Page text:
Effect Measure

EPA gets the doubt of the benefits

We frequently observe here that almost everything in public health, from the societal level to the molecular level, is a balancing act. With most benefits comes a risk and with many risks a benefit. Of course there is a problem when the benefits and risks accrue to different parties as when the public runs the risks and the corporation gets the benefits. So that’s one problem in making the trade-offs. Another is when the risks and benefits are completely different, essentially non-comparable. We often try to solve this by measuring them on a common scale like total number of lives saved or lost, or more commonly, by monetizing both and measuring things in dollars (soon to be Euros if things keep up the way they have recently). However you do it, it is nice to do it in some consistent way. A lawsuit just filed against the US Environmental Protection Agency (EPA) says that is just what EPA has not been doing for benefits:

Environmentalist and worker protection groups have sued EPA in an attempt to force the agency to develop a standard process for assessing the benefits of high-risk pesticides. The plaintiffs are using four organophosphate pesticides as a springboard to argue that when the agency re-registered them it failed to perform an adequate assessment of the chemicals’ benefits. As a result, EPA inaccurately concluded the benefits outweigh the risks the pesticides pose to workers and the environment, the plaintiffs argue.

If successful, the lawsuit could force the development of a new EPA benefits-assessment policy that would impact the way in which EPA makes pesticide risk management decisions. (Inside EPA newsletter, subscription only)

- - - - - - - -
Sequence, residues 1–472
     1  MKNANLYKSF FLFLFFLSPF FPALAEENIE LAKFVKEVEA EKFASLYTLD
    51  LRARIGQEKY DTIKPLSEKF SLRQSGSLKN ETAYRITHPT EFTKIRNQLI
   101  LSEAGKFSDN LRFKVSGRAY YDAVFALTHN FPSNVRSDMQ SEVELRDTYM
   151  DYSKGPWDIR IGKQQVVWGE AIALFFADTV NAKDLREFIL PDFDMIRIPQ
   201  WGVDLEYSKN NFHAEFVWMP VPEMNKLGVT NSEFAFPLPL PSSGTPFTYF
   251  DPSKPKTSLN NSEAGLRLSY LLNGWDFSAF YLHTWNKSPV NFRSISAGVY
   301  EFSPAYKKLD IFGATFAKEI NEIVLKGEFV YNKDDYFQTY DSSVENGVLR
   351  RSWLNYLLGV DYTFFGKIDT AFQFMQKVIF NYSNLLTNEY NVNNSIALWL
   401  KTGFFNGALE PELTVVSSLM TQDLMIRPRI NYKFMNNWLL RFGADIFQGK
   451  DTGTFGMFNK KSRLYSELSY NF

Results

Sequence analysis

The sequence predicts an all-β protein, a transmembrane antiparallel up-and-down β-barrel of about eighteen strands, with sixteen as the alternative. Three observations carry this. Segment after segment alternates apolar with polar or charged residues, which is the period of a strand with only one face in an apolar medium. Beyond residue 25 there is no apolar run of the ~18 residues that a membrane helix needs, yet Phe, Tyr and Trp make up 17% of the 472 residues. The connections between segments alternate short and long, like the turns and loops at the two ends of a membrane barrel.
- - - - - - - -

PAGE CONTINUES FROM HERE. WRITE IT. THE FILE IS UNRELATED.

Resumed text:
The applicable federal law here is the Federal Insecticide Fungicide & Rodenticide Act (FIFRA) which requires manufacturers to prove a risky product to show its benefits outweigh their risks. EPA’s usual method is to ask the manufacturer if there are any alternatives:

EPA has taken over the manufacturer’s role of performing the benefits assessment for most pesticides, says the Earthjustice source, who has 20 years’ experience working on these issues. Many of these assessments simply entail Office of Pesticide Program staff calling the manufacturer or pesticide industry association and inquiring if there are alternatives to the pesticide, the source says. If there is no chemical alternative, the agency often concludes that the benefits outweigh the risks, the source says. This process usually means that organic and non-chemical alternatives to pesticides are overlooked, the source says. (Inside EPA)

The suit also charges EPA with failure to consult other relevant federal agencies like National Marine Fisheries Service (“NMFS”) and/or the U.S. Fish and Wildlife Service in making the benefits assessment. According to Inside EPA, the complaint asks for a court finding that EPA “acted arbitrarily, capriciously, and in violation of FIFRA in re-registering uses” of the four specific pesticides at issue, although more broadly the suit would have the effect of forcing EPA to establish a more explicit and consistent method for evaluating benefits.

As the Bush administration recedes into history we can hope to see some of the gravest distortions in regulatory policy corrected. Many of them predated Bush but were taken to their logical extreme by this administration. This may be a historic opportunity to rationalize some policies that have distorted the physical, political and economic landscapes of environmental protection.

With the prospect of a more solidly Democratic Congress the main question will be whether we will have the Silent Spring or the Spring of Eternal Hope.